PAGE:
4. Well....that didn't take long. Sometimes I think looking for patterns is like looking for a needle in a hay stack in my "libarary" of patterns. If your afghan is exactly like the Herrschners pictures you have, here is your pattern on ebay. It is in the book called Afghans for all Seasons and the pattern is called Spring Clover on page 14 done in shades of green. It was printed in 1993 by Leisure Arts. Hardcover: ISBN 0-942237-23-4 softcover: ISBN 0-942237 - 24-2 Library of Congress Catalog Number: 93-077419 There is a picture of the afghan on this link, that is why I am posting that link. You may wish to bid on another, although this seems well priced with buy it now and you don't have to wait around and bid on it. Or you may find it through Amazon.com or some other online book seller. Just be sure you buy the above ISBN numbers for either the hard or soft cover since this was the first of the series. I have the hardcover edition and I find those nicer. There are some other beautiful patterns in the book. Hope this helps, Mary http://cgi.ebay.com/Afghans-For-All-Seasons-Crochet-Pattern-Book-52-Designs_W0QQitemZ170262809321QQcmdZViewItemQQptZLH_DefaultDomain_0?_trksid=p3286.m20.l1116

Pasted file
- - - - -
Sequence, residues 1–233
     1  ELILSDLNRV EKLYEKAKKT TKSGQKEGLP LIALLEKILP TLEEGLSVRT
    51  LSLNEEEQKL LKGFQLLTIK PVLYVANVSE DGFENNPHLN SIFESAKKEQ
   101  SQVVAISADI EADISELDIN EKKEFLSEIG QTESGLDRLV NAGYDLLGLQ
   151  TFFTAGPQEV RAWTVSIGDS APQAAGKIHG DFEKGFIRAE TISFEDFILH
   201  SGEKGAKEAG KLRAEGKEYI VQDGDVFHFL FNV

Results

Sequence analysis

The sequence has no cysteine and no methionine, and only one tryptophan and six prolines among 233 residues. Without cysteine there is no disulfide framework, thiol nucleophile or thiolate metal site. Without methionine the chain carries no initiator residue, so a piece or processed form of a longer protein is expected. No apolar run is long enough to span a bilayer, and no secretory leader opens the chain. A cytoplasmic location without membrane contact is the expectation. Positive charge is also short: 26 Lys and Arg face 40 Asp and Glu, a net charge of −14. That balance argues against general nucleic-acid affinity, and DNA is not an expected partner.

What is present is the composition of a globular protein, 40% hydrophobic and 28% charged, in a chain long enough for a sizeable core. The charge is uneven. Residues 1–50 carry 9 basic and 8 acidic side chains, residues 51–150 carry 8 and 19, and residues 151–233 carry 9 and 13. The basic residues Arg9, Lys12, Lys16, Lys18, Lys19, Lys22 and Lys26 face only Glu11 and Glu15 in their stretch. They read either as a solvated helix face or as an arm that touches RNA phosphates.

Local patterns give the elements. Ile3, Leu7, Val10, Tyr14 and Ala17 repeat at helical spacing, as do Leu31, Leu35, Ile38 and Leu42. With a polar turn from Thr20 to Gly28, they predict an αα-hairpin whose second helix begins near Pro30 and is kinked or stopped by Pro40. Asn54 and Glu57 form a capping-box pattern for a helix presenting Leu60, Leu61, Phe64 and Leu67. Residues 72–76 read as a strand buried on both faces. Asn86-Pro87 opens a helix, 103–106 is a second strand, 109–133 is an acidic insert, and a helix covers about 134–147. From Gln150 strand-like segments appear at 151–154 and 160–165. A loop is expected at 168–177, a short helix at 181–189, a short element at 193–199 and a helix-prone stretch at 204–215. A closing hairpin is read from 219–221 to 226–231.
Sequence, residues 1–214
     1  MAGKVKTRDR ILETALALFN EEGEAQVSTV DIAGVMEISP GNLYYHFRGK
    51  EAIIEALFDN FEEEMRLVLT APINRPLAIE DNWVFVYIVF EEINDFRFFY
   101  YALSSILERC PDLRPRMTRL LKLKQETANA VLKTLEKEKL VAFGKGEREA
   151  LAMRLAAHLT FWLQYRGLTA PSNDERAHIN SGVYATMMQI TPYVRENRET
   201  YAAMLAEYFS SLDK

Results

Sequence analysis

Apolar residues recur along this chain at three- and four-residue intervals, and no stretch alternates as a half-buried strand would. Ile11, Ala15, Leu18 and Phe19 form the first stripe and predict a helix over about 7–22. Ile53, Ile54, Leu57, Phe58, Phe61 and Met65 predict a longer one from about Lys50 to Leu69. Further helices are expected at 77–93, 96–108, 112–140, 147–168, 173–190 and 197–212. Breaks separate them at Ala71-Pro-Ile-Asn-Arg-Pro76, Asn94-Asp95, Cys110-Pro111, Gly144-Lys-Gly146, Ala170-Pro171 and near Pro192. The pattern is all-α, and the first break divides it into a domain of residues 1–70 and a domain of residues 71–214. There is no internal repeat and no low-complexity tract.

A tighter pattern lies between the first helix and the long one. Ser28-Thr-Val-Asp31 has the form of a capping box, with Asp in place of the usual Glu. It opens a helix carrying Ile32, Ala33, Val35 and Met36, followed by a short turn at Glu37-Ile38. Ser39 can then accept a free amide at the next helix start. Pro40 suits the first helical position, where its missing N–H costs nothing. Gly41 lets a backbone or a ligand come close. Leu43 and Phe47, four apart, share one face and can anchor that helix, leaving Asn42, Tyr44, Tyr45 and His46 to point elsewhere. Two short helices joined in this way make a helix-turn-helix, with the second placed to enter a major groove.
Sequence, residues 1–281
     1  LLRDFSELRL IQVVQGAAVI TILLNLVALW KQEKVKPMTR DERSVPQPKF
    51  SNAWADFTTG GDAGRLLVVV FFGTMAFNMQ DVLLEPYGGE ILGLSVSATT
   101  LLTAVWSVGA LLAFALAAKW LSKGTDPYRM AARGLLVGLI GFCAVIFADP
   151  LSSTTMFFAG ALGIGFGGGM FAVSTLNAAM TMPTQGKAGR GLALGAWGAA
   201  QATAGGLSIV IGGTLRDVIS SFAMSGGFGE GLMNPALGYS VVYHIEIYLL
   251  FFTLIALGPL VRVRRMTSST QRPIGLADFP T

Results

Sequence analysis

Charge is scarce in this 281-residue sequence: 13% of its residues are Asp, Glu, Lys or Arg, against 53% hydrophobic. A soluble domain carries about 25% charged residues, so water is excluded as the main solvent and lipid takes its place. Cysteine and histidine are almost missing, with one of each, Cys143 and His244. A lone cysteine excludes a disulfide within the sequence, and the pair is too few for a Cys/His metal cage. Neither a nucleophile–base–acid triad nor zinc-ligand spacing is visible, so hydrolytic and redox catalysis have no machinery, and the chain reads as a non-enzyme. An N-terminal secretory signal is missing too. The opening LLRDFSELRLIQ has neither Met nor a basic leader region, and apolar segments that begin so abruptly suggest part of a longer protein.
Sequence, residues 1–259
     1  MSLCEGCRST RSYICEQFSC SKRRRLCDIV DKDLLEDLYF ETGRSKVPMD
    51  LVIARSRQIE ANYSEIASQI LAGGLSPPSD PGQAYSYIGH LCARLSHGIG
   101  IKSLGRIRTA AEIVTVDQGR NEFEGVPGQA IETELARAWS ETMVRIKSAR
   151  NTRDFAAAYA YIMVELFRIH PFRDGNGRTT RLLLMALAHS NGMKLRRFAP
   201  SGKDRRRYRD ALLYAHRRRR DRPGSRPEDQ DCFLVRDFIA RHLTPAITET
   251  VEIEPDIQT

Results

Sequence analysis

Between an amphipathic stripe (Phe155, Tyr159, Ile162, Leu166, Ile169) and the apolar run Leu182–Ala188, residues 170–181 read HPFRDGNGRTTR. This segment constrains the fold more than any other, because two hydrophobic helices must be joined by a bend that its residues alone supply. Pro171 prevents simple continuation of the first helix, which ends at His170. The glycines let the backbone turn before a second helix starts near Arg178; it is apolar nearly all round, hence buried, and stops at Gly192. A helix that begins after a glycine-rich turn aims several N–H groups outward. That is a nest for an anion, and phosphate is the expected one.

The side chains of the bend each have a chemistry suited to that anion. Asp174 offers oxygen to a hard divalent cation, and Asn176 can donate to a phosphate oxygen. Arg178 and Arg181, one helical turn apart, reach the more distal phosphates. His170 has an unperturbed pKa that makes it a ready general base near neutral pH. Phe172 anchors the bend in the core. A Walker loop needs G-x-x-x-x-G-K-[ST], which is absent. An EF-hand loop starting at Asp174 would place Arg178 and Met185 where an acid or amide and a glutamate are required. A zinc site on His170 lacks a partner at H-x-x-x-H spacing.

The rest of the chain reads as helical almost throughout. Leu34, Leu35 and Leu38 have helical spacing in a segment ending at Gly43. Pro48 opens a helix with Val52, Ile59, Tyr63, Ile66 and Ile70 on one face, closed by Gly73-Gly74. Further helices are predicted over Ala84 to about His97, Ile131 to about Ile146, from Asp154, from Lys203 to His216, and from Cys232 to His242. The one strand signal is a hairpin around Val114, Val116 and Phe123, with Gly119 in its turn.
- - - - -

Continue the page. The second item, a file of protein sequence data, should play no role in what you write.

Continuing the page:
5. I would go ahead and finish it, that is if you have enough thread. Depending on how tightly or loosely you crochet, I would say you will have a approximately twice the size of the original size. The regular pattern is 18", so with the size 10 thread, it will turn turn into something like 36" to 40" inches. I started crocheting with white thread when I was younger. Mainly because I was making a tablecloth and couldn't afford the thread all at once. So I would buy a couple balls, get that worked up and then go buy two more. It would take me about a week to crochet up a ball of thread. It wasn't something that I thought I could drag out for too long of time. I think the final edges would really be pretty. Mary